Unless you sell cars or work as a car accident attorney, the world of auto insurance can quickly get overwhelming. To help our community navigate this often-confusing industry, Clifford Law Offices is dedicating a new series on this blog to breaking down the elements of your auto insurance: what they are and why they matter when it comes to protecting yourself and your family on the road.
Today, we start by answering some questions about auto liability insurance.
If you own a car in the state of Illinois, you will undoubtedly have purchased liability coverage as part of your insurance plan. If you’re at fault for a car accident, liability is the portion of your insurance that covers injuries and damages sustained by other people involved in the crash.
Here are some of the most common questions about liability and why you should purchase as much as you can for your auto insurance.
Are there different types of liability coverage?
Generally, liability is broken into two types: bodily injury liability and property damage liability.
Within bodily injury lies a wide range of damages the other party can claim. Those include economic damages, like medical bills or lost wages, and non-economic damages, such as the loss of a normal life or pain and suffering.
The injured party could also file a claim for property damages, which, without liability insurance, you would be required to pay out of pocket if the other person won their case..
What do the different numbers on my policy mean?
If you look at your insurance agreement, you’ll typically see numbers like this:
These numbers represent the three areas your policy covers. A 25/50/20 number breaks down as follows:
- $25,000: This represents the maximum amount an insurance company will pay out for a person for their injuries.
- $50,000: This is the maximum amount that the policy will pay per occurrence.
- $20,000: This represents the maximum amount the insurance company will pay out for the other person’s vehicle.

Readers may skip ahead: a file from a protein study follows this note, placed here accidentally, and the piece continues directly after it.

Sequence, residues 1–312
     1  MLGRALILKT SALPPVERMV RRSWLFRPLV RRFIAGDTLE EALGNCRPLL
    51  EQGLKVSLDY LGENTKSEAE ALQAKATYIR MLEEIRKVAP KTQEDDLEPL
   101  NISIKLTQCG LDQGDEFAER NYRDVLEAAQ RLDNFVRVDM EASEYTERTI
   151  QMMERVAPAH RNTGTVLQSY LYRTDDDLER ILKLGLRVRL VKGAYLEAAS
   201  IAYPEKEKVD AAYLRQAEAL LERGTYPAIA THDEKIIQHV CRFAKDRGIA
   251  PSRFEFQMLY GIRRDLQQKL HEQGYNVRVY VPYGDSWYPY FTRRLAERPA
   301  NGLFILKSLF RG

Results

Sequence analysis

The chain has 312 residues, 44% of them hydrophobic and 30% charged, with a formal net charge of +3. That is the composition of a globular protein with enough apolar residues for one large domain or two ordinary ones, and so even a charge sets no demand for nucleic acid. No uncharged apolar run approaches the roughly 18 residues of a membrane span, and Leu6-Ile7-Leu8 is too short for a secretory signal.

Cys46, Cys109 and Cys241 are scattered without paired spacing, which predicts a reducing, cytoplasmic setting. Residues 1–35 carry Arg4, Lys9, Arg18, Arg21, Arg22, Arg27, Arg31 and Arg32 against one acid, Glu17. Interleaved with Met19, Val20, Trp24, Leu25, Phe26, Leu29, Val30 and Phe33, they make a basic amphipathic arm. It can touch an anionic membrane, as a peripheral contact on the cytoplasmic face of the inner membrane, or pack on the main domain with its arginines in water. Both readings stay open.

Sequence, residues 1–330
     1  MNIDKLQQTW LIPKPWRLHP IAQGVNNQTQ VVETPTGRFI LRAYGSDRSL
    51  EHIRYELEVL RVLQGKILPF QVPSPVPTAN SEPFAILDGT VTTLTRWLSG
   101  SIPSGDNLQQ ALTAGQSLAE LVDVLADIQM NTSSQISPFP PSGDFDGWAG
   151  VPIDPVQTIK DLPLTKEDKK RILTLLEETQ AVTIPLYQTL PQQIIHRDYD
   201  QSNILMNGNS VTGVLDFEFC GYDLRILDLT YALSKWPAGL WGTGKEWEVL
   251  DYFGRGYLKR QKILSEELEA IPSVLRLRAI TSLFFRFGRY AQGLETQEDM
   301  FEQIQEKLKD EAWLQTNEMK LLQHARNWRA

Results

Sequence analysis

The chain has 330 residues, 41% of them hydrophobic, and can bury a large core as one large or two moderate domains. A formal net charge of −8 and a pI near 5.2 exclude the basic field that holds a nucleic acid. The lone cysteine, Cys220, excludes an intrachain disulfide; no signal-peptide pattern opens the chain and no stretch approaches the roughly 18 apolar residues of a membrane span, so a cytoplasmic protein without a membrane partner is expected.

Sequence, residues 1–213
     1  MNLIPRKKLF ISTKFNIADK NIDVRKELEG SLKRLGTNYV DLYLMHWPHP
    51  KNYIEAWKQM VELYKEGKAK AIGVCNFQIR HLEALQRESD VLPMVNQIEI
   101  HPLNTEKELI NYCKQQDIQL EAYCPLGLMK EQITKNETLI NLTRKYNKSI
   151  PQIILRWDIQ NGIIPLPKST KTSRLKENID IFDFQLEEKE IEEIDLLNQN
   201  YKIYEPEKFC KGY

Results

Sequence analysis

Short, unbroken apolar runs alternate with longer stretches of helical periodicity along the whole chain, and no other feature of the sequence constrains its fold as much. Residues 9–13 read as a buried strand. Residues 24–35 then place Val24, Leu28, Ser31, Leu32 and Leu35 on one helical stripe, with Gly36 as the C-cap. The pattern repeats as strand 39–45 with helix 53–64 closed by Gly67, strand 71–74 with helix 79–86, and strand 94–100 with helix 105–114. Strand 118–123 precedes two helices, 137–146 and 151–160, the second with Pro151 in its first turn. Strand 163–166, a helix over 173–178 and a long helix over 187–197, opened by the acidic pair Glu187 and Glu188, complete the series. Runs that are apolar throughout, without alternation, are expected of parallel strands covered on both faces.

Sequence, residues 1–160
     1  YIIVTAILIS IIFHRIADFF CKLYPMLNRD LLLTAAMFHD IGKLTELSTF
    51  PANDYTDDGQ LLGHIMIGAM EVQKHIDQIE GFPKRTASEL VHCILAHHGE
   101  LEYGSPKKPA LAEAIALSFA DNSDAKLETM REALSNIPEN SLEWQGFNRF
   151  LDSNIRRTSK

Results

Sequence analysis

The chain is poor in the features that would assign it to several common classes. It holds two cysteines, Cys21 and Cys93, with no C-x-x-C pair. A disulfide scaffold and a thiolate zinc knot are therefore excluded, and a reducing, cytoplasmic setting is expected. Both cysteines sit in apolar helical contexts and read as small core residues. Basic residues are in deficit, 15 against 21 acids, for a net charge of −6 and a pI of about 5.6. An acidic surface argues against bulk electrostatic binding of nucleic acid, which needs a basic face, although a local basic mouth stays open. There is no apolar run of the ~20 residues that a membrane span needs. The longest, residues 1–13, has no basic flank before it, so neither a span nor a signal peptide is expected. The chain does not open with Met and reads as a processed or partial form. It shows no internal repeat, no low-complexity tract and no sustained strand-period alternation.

The numbers change based on how much coverage you choose to buy. A 25/50/20 combination, in Illinois, would be considered the state minimum for a driver to have. For more coverage, the numbers might read 100/300/100. In this case, the insurance company would pay $100,000 for each person, $300,000 per occurrence, and $100,000 for property damage.
If the other party has costs related to the accident that go above these maximums, they can file a personal injury suit to try and claim the remainder.
Do I have to have liability insurance?
Almost all U.S. states require you to purchase some minimum amount of liability coverage. In Illinois, drivers must purchase a minimum of 25/50/20 coverage.
How much liability should I buy?
As much as you are able to afford. The more coverage you have, the more it protects you are at fault for an accident. Generally, the liability coverage you have will mirror the coverage provided to you for your uninsured/underinsured. We will discuss this more in a later blog post.
What does liability not cover?
A very important point to make is that liability does not cover your own losses, be they injuries or property. We will discuss things like MedPay and Collision insurance in a later post.
Rather, liability is intended to protect you in situations where you may be at fault.
Liability is an extremely important factor in any car accident. It can also be a complex topic to navigate if you are involved in a personal injury case. In the event of such an incident, your interests are best handled by an experienced car accident attorney. Please reach out to us today or call 312-899-9090. We are here to help you.
This is the first post in a three-part series on what Illinois motorists need when it comes to effective auto insurance and protection.